There has been a dramatic increase in paramilitary attacks and violence against the Zapatista communities in the past couple of years. Now one of the only ways for people who do not already have relationships to connect directly with the Zapatistas is through CELMRAZ. The Chiapas Support Committee accredits people to study at the Language Center in Oventic. Contact us if you are interested in attending the CELMRAZ school.
I found that things have gotten more difficult in the past two and a half years both in the Zapatista communities and in the city of San Cristobal. It had been hard for narcos to get a foothold in the highlands of Chiapas, largely due to the tight organization of communities in resistance.
Unfortunately because of various factors—the insecurity of the pandemic, the economic hardship it has caused, the complicity of the local and the state government of Chiapas with cartels and paramilitaries and the lack of action by the national government to stop, arrest or prosecute acts of paramilitary violence—Mexican government inaction, complicity and collusion has led to almost complete impunity for the paramilitary’s violent acts.
Mexican Government Complicity Fuels Paramilitaries
The National Guard supposedly created to increase security just stands by when the paramilitaries have attacked Zapatista and other indigenous communities. The Human Rights Center Fray Bartolome de las Casas (Frayba) sends observers to communities, often internationals, which usually helps deter violence. Because of the impunity, the paramilitaries have threatened the observers in the Zapatista community of Nuevo San Gregorio and Frayba had to withdraw them for their safety.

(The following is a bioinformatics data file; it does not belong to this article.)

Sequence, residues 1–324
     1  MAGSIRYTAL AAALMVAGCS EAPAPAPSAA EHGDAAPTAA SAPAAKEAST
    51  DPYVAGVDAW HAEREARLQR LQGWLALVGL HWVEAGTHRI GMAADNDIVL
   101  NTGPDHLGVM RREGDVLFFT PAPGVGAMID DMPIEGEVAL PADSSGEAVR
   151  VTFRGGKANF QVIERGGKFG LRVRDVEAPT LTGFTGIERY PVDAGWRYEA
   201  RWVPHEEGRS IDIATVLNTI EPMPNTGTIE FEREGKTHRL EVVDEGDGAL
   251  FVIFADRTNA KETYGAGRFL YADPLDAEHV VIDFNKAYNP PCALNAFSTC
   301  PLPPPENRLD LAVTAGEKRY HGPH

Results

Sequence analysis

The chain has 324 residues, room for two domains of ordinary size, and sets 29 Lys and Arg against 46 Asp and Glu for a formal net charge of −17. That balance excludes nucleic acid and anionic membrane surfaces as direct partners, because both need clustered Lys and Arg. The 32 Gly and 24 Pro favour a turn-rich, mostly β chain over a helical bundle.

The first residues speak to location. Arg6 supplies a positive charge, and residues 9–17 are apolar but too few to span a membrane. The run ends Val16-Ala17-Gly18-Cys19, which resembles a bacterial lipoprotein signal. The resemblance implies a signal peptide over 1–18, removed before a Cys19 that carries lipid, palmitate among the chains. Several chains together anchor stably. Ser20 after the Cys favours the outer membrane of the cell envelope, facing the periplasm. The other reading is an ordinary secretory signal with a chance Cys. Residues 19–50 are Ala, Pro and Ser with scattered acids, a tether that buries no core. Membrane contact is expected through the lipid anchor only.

The city of San Cristóbal is no longer the safe place it used to be. Some neighborhoods have organized civil patrols to monitor who is on the streets. My neighborhood organized a system to warn each other with whistles when attempted robberies take place so that neighbors can come to each other’s aid. Fortunately Oventic is one of the caracoles that is still tranquil and safe.
Artesania made by compas in Nuevo San Gregorio
Take Action to Denounce the Paramilitary Violence September 26
While I was in San Cristobal I met with Frayba to help organize a forum about violence in Chiapas with Frayba and Red Ajmaq, a network of Zapatista supporters in Mexico. The Chiapas Support Committee sponsored this forum with the network, Sexta Grietas del Norte, of which we are a part. You can watch the recording with English interpretation at https://youtu.be/gCuhPTKmEpQ.
The Chiapas Support Committee has also been demonstrating at the Mexican Consulate in San Francisco to let the Mexican Government know that we are aware of their complicity with the violence and to demand that the impunity be stopped. Our next action will be on Monday September 26, 2022, the 8th anniversary of the forced disappearance of the 43 students from Ayotzinapa.
Please join us on September 26 to demand justice for Ayotzinapa and to demand the Mexican government dismantle the rightwing paramilitary. Watch our facebook page and blog for further details.
Carolina Dutton is a member of the Chiapas Support Committee and a long-time community-based activist for justice and solidarity with Indigenous and Latin American people’s struggles for self-determination and land justice.